Oh, I hope I am converting. I don’t mean what you think. . . . If in coming face to face with God we accept him in our lives, then we are converting. We become a better Hindu, a better Muslim, a better Catholic, a better whatever we are, and then by being better we come closer and closer to him. If we accept him fully in our lives, then that is conversion. What approach would I use? For me, naturally, it would be a Catholic one, for you it may be Hindu, for someone else, Buddhist, according to each one’s conscience.1
How do you think the apostle Paul would have responded to Mother Teresa?
I’m convinced he would have rebuked her!
No question about it.
“No way,” some might say. “This is Mother Teresa, a selfless saint who dedicated herself to serve the poor and destitute. I could see Paul going nuts on Rob Bell, but not Mother Teresa!”
I wouldn’t be so sure.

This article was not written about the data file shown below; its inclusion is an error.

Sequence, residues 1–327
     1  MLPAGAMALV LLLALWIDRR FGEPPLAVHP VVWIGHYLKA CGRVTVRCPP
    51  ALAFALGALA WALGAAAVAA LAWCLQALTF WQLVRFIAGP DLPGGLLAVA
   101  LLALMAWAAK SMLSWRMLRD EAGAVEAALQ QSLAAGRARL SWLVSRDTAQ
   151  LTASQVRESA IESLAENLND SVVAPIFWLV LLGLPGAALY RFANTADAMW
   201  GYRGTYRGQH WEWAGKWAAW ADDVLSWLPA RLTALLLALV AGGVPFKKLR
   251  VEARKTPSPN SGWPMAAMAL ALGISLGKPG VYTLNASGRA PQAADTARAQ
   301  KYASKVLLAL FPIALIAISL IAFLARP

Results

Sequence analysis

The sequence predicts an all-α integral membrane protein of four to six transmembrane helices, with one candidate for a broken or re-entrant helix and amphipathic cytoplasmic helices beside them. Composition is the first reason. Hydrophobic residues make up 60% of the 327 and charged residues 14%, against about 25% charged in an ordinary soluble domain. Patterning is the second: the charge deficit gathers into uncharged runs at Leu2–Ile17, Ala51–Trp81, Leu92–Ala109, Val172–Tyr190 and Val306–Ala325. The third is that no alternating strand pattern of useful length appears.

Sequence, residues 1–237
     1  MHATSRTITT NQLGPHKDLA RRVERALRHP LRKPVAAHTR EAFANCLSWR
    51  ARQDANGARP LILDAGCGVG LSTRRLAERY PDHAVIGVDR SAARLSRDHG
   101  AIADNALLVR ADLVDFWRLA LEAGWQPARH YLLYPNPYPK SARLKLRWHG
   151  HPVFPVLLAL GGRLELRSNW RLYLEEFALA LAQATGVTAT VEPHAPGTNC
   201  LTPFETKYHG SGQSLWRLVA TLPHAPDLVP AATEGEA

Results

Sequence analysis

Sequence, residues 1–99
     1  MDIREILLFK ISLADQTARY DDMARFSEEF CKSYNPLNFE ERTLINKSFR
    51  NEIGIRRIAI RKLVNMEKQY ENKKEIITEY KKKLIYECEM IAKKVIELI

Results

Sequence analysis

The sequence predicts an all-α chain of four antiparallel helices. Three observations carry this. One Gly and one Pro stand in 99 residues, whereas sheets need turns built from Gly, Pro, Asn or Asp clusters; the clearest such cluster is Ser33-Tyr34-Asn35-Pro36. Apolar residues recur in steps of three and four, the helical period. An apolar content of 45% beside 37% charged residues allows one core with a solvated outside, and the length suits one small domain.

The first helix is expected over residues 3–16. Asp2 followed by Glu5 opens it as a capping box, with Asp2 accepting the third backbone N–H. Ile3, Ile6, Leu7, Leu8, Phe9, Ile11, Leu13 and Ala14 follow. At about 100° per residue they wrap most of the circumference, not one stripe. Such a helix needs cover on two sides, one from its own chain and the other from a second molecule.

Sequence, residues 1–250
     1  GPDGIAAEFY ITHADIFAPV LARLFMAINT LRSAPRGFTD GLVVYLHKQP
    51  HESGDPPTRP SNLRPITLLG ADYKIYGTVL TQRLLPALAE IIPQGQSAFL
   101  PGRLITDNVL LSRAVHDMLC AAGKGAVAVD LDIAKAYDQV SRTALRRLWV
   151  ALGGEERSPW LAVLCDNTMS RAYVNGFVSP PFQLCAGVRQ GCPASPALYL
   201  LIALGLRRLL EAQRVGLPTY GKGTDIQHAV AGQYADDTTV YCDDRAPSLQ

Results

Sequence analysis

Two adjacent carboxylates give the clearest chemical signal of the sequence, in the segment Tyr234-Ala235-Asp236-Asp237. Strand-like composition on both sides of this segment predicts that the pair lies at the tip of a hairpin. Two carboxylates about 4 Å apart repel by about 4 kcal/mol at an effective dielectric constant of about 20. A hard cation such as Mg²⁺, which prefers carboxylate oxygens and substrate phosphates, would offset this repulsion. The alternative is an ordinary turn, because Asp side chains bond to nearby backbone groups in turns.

We are talking, after all, about the same Paul who opposed the apostle Peter “to his face” (Galatians 2:11) and rebuked him in front of his entire congregation in Antioch for inaccuracy in his teaching (Galatians 2:14).
Jesus himself clearly taught, “I am the way and the truth and the life. No one comes to the Father except through me” (John 14:6). Did Mother Teresa get a memo from Heaven that Jesus changed his mind?
Paul warned, “If we or an angel from heaven should preach a gospel other than the one we preached to you, let him be eternally condemned! As we have already said, so now I say again: If anybody is preaching to you a gospel other than what you accepted, let him be eternally condemned!” (Galatians 1:8, 9).
That includes seminary professors.
Your Sunday school teacher.
And Rob Bell.
And believe it or not, even Mother Teresa.
1Mother Teresa, Daily Readings with Mother Teresa, edited by Teresa de Bertodano (London: HarperCollins, 1994), 74.
Brian Jones is founding pastor of Christ’s Church of the Valley in Royersford, Pennsylvania. He’s the author of Second Guessing God and Getting Rid of the Gorilla: Confessions on the Struggle to Forgive (Standard Publishing). This article is adapted, with permission, from his latest book,Hell Is Real: But I Hate to Admit It, ©2011 Brian Jones, and published by David C. Cook. Find out more about his ministry and writing at BrianJones.com.